Chateau d'Yquem, Sauternes, France - 375ml 2007-6 bottle case

$3,594.00

Vineyard: The vineyards are planted mostly to the Semillion  grape variety. The particular combination of this grape in the Sauternes region, usually allows for the development of 'Noble Rot' (Botrytis Cinera) on the berries as harvest approaches. This mold does not ruin the grape but instead causes the loss of much of the water content in the berry. The result is a raisin-like berry with extreme concentration of the natural sugars and flavors. The loss of the water in the grape means that the yeild of wine is amazingly small. On average, only one glass of wine is produced from each vine in the vineyards of d'Yquem. In order to harvest only the grapes that have achieved the maximum concentration levels, the harvest at Chateau d'Yquem can last for weeks and involves several passes by up to 150 harvesters. The harvesters pick individual berries rather than the normal process of harvesting entire bunches. This method of harvesting is extremely expensive and only the top chateaux in the region are able to afford it.

History: Chateau d'Yquem was established in December of 1593 when Jacques de Sauvage exchanged other properties that he owned for the 'House of Yquem'. Sauvage acquired Yquem from the French monarchy.

In 1785, during the reign of Louis XVI, Francoise Josephine de Sauvage (the "Lady of Yquem") married Louis Amedee de Lur Saluces. He was the godson of Louis XV and Lady Victoire de France. Monsieur Lur Saluces died just 3 years later but his wife focused her energies on improving and caring for the Chateau and the surrounding estate. Her efforts established the real basis for the estate that we know today. The size of Chateau d'Yquem was the same in 1788 as it is today.

Through the efforts of successive generations of the Lur Saluces family, the property gained in quality and prestige. It is a very remarkable story considering that the estate managed to stay intact and with such a tremendous reputation from the time of Louis XVI to Napoleon III and through the French Revolution. Of particular note were the efforts of Romain-Bertrand (grandson of the "Lady of Yquem") and his grandson Bertrand. It was mostly through their direction that Chateau d'Yquem became the commercial property that it is today.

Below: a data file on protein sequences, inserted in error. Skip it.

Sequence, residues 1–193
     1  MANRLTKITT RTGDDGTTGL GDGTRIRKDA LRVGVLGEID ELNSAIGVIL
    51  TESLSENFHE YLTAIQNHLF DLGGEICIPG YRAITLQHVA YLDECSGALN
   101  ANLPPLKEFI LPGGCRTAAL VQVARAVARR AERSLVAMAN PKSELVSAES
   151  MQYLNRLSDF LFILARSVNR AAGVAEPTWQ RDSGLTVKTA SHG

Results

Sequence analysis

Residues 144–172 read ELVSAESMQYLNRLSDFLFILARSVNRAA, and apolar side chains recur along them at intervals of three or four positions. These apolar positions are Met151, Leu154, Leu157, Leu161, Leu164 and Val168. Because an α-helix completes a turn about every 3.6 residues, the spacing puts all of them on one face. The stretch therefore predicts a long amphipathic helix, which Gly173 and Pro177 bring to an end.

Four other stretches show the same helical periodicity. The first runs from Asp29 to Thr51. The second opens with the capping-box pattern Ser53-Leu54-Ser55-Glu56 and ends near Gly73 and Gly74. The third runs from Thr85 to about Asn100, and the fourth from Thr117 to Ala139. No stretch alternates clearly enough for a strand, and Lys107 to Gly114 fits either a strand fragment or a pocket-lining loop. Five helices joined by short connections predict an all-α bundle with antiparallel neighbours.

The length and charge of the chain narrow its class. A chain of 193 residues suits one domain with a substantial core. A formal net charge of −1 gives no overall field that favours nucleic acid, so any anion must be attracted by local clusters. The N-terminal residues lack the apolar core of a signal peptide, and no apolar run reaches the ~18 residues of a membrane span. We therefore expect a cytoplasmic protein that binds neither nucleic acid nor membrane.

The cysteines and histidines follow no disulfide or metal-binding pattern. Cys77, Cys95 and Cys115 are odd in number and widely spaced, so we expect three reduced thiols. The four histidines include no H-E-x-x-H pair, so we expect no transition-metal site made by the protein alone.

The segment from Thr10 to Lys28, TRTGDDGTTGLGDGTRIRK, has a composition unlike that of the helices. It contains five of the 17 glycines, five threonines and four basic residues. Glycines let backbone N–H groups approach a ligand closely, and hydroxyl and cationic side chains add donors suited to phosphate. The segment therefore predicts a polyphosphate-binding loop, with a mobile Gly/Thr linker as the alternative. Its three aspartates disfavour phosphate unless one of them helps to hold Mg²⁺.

In World War I, the Chateau was used as a militrary hospital. Lists of the soldiers treated there are available at d'Yquem today.

After a bitter split in the Lur Saluces family in the late 1990's, Chateau d'Yquem was purchased by a subsidiary of the LVMH group (Louis Vitton - Moet - Hennesy). Count A. de Lur Saluces still works with the property and maintains the levels of quality that have set this estate above all others in the region.

Style: The wines are intensly concentrated and sweet with high levels of acidity to balance out the sweetness. While the wines are delicious when young, the true nature of the wines of d'Yquem are only shown when the wines have decades of bottle age. These wines become complex, luscious and honeyed after 15 to 20 years and can last for a century or longer if properly stored.

Food: There are a wide variety of approaches to matching food with this wine and much of the decision depends on the age of the wine. A classic match is to serve d'Yquem with Fois Gras. Other pairings would be to serve as a dessert along with dishes that feature apricots, pears or peaches.

ITEM# 5-11-35000


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